"In these sectors, a large proportion of the equipment is being offered as price per copy and price per hour," says Engelaer. "The end-customers buy rental contracts which last for a guaranteed time period, usually a couple of years. There you see that the customer doesn’t really care if it’s refurbished or a new piece of equipment. Over the years we will see more equipment moving to such service contracts."
Lessors can perform well in second life market
Van den Heuvel and Engelaer believe that lessors can perform well in the second life market and stand out from competition.
"The leasing industry can really compete with banking products, especially as banking regulation increases. The competition in the second life market segments between asset-based players is low when compared to the new market segments, so in theory there’s enough space to grow business for all the big players in the leasing market," says van den Heuvel.
Van den Heuvel adds that lessors would be able to compete with captives operating in the market, as captives tend to conduct second life business on a "more reactive basis", prioritising new equipment finance. He mentions that as captives are less willing to subsidise rates for second life equipment, in practice the customer experiences higher rates for second life equipment compared to new equipment. Due to subsidies, lessors are less likely to be competitive in the new market whereas in many instances lessors are more competitive in the second life market segments.
Lessors’ extensive knowledge of assets could help them operate successfully in the second life equipment market as well as give them a comparative advantage over competitors.
"Lessors have in-depth knowledge of an asset, they can evaluate its usage and price. They know the intention of the end-user, whether the equipment will be used in a full-time application or standby function. If lessors can do that for new piece of equipment, they can certainly do that for a second life piece of equipment as well," says van den Heuvel.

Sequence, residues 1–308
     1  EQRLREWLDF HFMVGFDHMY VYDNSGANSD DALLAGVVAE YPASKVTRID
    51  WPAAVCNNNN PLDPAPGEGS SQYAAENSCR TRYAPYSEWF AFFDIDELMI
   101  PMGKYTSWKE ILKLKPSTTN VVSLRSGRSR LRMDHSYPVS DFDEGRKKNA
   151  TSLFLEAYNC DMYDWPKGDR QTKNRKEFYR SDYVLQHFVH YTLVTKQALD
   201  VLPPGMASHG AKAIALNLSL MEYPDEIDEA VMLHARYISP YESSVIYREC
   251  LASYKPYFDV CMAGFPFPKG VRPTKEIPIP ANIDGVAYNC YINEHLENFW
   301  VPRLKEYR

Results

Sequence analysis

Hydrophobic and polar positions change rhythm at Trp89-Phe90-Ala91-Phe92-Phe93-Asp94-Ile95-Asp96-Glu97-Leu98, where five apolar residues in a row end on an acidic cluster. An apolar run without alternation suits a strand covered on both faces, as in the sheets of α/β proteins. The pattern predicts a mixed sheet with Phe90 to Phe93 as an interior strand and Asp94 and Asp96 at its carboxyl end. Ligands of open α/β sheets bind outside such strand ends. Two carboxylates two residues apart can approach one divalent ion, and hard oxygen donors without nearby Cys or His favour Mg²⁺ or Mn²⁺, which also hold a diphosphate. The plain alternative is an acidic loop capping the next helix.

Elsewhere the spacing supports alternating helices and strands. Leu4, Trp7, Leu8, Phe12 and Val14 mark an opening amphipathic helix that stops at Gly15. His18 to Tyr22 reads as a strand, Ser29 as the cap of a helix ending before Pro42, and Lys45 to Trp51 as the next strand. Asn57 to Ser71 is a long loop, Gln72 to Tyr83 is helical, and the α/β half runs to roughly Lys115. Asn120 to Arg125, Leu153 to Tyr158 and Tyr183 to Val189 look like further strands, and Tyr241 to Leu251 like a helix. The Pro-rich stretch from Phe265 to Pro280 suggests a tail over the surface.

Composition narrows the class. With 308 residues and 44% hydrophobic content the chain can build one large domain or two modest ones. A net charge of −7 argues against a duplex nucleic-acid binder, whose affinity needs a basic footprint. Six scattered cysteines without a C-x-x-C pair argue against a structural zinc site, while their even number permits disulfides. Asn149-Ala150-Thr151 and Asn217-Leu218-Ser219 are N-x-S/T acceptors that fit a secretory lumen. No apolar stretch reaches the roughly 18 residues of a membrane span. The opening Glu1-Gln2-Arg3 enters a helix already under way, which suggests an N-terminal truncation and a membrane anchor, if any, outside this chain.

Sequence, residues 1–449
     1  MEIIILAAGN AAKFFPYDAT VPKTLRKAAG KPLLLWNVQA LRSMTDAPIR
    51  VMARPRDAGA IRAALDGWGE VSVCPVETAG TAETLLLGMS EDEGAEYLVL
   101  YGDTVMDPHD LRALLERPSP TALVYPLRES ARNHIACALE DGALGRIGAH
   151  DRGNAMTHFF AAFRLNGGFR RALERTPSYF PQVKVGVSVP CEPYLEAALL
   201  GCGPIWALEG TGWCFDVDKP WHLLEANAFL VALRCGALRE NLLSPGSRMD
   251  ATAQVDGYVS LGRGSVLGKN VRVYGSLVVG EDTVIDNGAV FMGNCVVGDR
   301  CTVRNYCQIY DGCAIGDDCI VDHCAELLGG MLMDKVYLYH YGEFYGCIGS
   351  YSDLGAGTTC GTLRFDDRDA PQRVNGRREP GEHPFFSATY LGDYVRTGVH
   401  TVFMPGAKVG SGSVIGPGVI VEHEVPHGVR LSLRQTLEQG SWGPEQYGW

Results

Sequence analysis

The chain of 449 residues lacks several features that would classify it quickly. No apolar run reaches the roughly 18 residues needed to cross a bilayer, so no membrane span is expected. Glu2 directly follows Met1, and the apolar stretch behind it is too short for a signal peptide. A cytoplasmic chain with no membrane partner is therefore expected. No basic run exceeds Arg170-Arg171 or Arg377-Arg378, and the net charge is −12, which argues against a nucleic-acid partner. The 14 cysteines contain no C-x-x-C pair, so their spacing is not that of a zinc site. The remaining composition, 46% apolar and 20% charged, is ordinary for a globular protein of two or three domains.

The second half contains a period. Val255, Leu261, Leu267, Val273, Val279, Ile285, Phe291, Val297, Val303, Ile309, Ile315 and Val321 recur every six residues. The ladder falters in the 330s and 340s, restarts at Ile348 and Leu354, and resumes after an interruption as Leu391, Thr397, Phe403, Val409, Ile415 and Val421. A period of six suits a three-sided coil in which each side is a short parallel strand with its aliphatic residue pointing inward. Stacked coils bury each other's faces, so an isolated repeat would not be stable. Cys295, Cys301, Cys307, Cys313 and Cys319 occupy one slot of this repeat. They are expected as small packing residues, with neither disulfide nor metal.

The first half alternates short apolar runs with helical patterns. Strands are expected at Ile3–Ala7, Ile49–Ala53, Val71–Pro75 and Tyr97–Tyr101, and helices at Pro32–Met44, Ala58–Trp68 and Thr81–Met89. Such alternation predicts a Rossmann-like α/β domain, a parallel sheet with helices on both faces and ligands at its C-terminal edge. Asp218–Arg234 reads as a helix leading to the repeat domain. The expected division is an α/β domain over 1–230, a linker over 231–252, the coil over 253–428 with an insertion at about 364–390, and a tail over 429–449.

In addition, Engelaer finds that operating in the second-hand market does not incur more risks to a "prepared" lessor than the financing of new equipment.
"Fraud by manufacturer’s dealer or end-customers can happen for new as well as used pieces of equipment," says Engelaer. "As long as the lessor gets a physical verification that the equipment is in the shape and condition you think it is when you finance it, and you benchmark the purchase price, we feel that we’re not running significantly more risks than we do in our business model for new assets."
He adds that the lower rate of depreciation of used equipment could also act as a safeguard for lessors in a case of client default. As a result some of the risks from tapping into the second life equipment market, from a customer point of view, are offset by a lower price gap that you would run by putting the asset up for sale in the case of customer default," says Engelaer.
DLL developed the DLL Life Cycle Asset Management proposition in 2014 and is working with a significant number of its partners (dealers as well as manufacturers) to upscale its services. The lessor employed people within the asset management domain to professionalise its evaluation capabilities and identify second life business, with the ambition that 20% of its new business will be related to financing pre-owned equipment by 2020.